Why I began to write
Updated: Nov 12, 2021
I think being a doctor is all about stories and detective work. When a patient comes in the room, you are immediately assessing a whole number of things without even knowing you’re doing it. I worked with an orthopaedic surgeon once who claimed he could decide what operation a patient needed just by watching them walk up the corridor! Although it was an arrogant statement, he probably wasn’t that far off the mark. As a doctor, you unknowingly begin to notice things. Apart from the walk, you can see how a patient gets up from their chair, you can see who has come with them in the waiting room and their interaction thus assessing family dynamics. Before they speak, you are watching their movements and facial expressions. I used to play a game before my patients even came in the room, trying to guess what they might be coming to see me for. Again, it sounds flippant, but by and large, you recognise patterns in age groups, genders, previous contacts with the practice and you can make these guesses. That’s not to say that you become presumptive. They could be coming for something entirely different and it would be dangerous to go off on a tangent.
When Doctor Becomes Patient
So, I worked very happily in GP for many years. I found it stressful but hugely enjoyable. Unfortunately, I was diagnosed with bipolar disorder and my world crashed down. Bipolar disorder (also called manic depression) is fairly well recognised now. It’s not quite what is depicted in many portrayals on the tv and it certainly isn’t simply bad mood swings. The best description I can give is of going to the extremes of emotion and feeling these to such a depth that they are impossible to find your way back home.
Writing To Heal
It was around this time when my head was a complete mess and my memory fudged, that I began to write. I found the daily activity gave me a purpose and although it was mostly nonsense, I felt I had achieved something at the end of each day if I had a page full of words. Writing therapy is a well-used tool and creativity is long known to be a great healer.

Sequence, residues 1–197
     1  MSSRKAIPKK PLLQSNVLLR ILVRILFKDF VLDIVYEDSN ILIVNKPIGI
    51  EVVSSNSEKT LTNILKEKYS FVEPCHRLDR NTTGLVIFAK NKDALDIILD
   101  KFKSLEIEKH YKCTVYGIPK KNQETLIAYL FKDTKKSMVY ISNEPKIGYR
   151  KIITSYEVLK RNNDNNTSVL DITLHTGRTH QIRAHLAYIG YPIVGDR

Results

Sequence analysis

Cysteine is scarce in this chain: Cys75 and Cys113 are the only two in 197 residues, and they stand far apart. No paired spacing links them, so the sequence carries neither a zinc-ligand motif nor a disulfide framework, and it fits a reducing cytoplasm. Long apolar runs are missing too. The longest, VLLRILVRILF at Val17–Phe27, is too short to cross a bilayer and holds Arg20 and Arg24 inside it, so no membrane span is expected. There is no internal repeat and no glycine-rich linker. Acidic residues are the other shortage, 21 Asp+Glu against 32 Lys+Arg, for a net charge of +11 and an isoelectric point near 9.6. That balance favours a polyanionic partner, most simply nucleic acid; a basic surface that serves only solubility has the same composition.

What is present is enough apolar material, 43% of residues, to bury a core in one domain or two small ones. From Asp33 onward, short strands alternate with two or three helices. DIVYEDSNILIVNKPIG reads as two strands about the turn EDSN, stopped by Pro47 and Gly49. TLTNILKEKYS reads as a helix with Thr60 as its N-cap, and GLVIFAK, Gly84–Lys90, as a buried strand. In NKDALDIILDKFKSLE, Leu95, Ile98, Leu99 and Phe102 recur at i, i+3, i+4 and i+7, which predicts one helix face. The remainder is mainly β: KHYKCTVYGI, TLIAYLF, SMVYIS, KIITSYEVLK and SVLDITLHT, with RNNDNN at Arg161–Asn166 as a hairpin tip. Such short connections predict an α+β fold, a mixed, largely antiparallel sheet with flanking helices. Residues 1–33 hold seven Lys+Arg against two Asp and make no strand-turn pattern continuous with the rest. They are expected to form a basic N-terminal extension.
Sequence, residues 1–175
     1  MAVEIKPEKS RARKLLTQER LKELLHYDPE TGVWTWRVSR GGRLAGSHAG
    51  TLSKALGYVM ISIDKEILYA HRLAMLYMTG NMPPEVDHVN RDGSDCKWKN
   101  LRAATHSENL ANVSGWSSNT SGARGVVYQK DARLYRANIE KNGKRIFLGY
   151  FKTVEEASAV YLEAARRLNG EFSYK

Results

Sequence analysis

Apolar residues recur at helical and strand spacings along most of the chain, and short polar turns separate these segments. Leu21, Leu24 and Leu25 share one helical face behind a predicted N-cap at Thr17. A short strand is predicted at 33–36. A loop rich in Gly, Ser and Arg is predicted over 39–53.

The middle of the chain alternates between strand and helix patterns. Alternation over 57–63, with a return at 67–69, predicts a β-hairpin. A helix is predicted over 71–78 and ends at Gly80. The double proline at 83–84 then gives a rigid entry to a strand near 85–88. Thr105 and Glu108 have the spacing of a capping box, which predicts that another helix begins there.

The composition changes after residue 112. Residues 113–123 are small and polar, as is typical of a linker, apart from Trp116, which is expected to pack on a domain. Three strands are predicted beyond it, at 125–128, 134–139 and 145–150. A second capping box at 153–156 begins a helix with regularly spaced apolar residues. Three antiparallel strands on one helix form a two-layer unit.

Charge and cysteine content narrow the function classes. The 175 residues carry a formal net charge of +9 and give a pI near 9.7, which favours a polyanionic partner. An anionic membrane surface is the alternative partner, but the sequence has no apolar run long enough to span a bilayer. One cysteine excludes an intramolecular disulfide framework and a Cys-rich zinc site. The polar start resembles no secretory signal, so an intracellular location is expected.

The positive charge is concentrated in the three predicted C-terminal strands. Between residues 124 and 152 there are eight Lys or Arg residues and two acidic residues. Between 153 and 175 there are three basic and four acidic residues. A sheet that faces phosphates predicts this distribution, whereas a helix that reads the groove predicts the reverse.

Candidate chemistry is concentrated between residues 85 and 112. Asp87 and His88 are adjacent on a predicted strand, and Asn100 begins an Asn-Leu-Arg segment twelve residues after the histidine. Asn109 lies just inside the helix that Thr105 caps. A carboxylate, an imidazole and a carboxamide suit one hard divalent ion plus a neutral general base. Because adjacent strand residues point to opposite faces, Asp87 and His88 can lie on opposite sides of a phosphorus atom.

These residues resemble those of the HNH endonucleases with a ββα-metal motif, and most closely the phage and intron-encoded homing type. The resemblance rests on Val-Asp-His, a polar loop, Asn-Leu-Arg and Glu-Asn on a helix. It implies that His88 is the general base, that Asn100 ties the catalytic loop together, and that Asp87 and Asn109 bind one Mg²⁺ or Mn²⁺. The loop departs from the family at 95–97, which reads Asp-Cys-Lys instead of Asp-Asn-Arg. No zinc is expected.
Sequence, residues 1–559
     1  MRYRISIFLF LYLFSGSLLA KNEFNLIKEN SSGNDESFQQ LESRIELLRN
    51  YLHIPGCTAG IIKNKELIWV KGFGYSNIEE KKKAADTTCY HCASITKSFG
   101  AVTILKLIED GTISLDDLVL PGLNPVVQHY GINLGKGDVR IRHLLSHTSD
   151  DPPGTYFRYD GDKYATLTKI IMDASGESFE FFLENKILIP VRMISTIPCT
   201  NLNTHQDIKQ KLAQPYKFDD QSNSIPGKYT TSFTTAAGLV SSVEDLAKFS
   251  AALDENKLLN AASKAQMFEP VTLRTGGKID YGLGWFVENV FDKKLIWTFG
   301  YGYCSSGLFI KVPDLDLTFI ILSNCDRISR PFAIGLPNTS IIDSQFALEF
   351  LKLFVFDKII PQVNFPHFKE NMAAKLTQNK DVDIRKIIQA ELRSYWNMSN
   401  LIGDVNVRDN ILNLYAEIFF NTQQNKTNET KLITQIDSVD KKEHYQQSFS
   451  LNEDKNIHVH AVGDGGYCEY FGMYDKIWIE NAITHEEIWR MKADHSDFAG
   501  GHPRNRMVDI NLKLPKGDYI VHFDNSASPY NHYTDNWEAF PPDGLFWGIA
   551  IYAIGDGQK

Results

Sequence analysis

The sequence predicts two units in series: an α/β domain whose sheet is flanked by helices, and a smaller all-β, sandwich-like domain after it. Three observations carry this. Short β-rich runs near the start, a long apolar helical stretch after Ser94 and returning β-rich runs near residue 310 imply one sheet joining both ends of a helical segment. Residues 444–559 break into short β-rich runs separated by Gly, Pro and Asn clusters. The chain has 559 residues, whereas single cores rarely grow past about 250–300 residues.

When you’re at a crossroads in your career or life, people often advise you to think back to your childhood and do what you loved then. My great love was reading. The detective stories came about because that is always what I have read. When I was working, I had almost no time to read at all but in the past, I had been a big reader of Agatha Christie, PD James, Dorothy Sayers and Josephine Tey. I’m not sure why the golden age of crime attracts me so much. Maybe the lack of gore and the promise of justice, that good will always overcome evil and when our own lives are turbulent, this can be a genuine comfort. I like the thrill of a puzzle too and at the beginning of a story, it is almost as if the reader and author are squaring up and seeing who is the cleverest.
As a doctor, I had a few things published in journals but having done this, I had some confidence I could write something of length. I decided to write a murder mystery because it was what I wanted to read. I wrote about three or four awful things that will never be seen but it was a worthwhile process all the same and writing takes practice.
It’s frightening putting your work out there. For me in particular this feels more so perhaps. I have laid myself bare by giving Dr Cathy Moreland bipolar. She is a conscientious GP who has been recently diagnosed, but unlike myself, she was determined to return to medicine and, as she struggles to find her feet, we see how the illness both helps and impedes her. Bipolar is like a superpower. It makes you think in a completely different way and I think having been ill, you empathise so much more with your patients. I hope it is obvious that Cathy’s mental illness has given her some of these qualities. In some ways, I’m living my medical dreams vicariously through her now. Ultimately, changing career has been such a positive for me and now, the only people I have to worry about saving are the penned victims in my books!